Wednesday, July 29, 2009
Don't miss the rest in this series:
* Food is like Love
* Truth is like Beauty
* Flares are like Totally Last Decade
* Riding Naked and Bareback on a Windswept Beach is like Vigorously Applying Sandpaper to Your Genitalia.
Tuesday, July 28, 2009
Monday, July 27, 2009
This really is not surprising.
Presumably all insurance companies have subtle differences so that each of them offer the best deal for certain types of people seeking certain kinds of coverage. And most people who change insurance companies will tend to choose the cheapest deal they are aware of that meets their needs.
Ergo most people changing from any company to any other company will save money--especially during a recession when they may also be reducing coverage.
So no, I am not surprised.
Just how stupid do the boffins at State et al think we are?
Monday, July 20, 2009
It seems even meat can't look like meat anymore. Payments are lower of you have spotted or striped pigs because the consumer doesn't know natural pigment from mold so these pigs need to be skinned before packaging. Steak is sprinkled with chemicals to help it keep a red, freshly dead color rather than a natural dark brown. And chicken is soaked in saltwater to make it fatter and heavier.
So Foster Farms makes an explicit connection between meat primping and cosmetic surgery with their "Say No to Plumping" campaign, complete with a bizarre little video with talking chickens. --"I've been thinking about having some plumping done...a lot of chicken's are having it done, Betsy." -- But, well, frankly I find chickens talking about being fatter and tastier, in the voices of chatty female friends pretty damn unappetising. If anything it makes me roll my eyes at Foster Farms.
The entire campaign website contains a total of about one page of largely unreferenced moral panic statements suggesting plumped chicken is a direct route to cardiac arrest and stomach cancer, reference to science no data actually on the site, and the whole thing excessively plumped up with talking animals. Chicken who want to be centerfold of succulant fleshiness.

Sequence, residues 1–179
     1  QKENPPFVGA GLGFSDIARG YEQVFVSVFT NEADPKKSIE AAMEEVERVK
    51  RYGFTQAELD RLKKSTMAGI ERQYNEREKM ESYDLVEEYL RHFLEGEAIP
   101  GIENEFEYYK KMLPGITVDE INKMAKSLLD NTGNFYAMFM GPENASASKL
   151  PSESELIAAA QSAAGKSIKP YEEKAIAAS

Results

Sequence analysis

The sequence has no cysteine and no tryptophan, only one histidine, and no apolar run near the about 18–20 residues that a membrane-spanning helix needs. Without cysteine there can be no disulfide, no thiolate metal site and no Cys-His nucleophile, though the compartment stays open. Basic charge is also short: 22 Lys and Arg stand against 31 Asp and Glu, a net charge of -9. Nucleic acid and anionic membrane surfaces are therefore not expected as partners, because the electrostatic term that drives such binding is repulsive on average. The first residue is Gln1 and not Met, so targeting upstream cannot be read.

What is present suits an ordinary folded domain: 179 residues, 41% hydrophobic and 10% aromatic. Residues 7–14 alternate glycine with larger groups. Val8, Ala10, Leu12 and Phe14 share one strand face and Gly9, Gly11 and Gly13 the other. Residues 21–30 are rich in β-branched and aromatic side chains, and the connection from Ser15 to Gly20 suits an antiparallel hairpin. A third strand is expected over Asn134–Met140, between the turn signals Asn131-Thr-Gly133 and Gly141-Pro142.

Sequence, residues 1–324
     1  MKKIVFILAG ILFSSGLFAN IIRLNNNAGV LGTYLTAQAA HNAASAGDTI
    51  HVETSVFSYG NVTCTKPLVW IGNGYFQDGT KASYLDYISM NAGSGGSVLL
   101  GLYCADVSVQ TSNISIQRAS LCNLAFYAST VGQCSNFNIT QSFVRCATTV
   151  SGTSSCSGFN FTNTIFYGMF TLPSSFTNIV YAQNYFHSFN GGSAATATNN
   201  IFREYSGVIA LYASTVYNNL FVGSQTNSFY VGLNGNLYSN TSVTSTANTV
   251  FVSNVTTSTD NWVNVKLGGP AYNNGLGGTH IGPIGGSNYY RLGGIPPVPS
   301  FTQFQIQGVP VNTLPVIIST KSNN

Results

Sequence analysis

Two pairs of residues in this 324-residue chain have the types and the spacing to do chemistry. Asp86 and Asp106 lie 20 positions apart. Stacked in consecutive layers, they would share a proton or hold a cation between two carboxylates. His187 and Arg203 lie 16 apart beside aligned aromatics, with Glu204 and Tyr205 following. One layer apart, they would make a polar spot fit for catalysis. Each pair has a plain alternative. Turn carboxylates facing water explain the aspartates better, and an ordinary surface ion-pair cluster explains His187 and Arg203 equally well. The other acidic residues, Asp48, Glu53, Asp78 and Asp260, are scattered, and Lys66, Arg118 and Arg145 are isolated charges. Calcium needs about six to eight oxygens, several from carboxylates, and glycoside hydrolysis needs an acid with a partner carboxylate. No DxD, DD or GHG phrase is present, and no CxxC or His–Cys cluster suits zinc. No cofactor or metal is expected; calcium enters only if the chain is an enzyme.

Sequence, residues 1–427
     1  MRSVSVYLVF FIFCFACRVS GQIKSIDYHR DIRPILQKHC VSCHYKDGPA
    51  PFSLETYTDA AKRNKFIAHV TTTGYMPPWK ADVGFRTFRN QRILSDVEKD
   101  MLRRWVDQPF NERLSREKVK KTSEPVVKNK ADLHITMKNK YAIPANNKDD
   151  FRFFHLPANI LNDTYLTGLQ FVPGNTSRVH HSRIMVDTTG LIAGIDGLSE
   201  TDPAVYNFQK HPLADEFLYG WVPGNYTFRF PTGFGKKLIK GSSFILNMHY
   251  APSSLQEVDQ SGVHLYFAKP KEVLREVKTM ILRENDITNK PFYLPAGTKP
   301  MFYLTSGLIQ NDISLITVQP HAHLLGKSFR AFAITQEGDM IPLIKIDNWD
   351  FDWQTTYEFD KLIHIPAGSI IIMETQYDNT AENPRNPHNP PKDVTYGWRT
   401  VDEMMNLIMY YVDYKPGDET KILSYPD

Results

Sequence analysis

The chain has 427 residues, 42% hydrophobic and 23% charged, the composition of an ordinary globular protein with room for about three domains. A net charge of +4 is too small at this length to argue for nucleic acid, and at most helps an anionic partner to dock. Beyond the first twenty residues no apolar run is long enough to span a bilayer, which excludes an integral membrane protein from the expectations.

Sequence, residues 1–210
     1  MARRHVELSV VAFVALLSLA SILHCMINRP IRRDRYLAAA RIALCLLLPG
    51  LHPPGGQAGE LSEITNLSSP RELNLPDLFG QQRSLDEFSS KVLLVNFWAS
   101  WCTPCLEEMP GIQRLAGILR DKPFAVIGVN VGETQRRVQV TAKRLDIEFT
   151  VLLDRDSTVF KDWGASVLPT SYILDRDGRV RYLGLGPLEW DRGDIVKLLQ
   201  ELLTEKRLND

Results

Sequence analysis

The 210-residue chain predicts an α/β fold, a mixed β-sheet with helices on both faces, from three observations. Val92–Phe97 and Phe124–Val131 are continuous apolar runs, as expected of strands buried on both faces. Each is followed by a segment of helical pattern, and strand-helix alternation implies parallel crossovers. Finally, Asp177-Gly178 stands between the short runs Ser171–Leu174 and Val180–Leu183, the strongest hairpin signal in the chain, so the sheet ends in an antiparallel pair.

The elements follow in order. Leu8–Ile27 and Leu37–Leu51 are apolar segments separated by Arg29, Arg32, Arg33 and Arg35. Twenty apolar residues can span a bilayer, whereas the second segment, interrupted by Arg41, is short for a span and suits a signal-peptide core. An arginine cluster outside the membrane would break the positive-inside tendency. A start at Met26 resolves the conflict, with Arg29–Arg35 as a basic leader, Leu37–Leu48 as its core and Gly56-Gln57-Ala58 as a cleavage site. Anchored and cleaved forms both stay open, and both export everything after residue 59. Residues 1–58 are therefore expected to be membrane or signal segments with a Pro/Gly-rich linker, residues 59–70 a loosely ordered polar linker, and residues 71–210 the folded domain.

Chickens are to women what public health campaign are to preachy ad campaigns--totally different things, thank you very much. (I also note that the chicken actors aren't beak or claw trimmed for our convenience. I bet all the chickens actually raised on at Foster Farms are and that whole issue worries me more than some saltwater.)
In the economic section the amount of "plump" versus real meat is calculated based on a nice heterosexual marraige with one child eating the purely speculative industry ideal of four chicken meal a week. Uh-huh. --"Plumping is deceiving, Martha."-- I am sure the idea is that natural is better. but in the end this campaign read more like a creepy male point-of-view rant about how women use cosmetics to seem more beautiful than they are, cheating the male "consumer".
For added "ewww" factor try replacing the word "plump" with other words in the little videos.
"The people who want to plump me say no one would ever find out".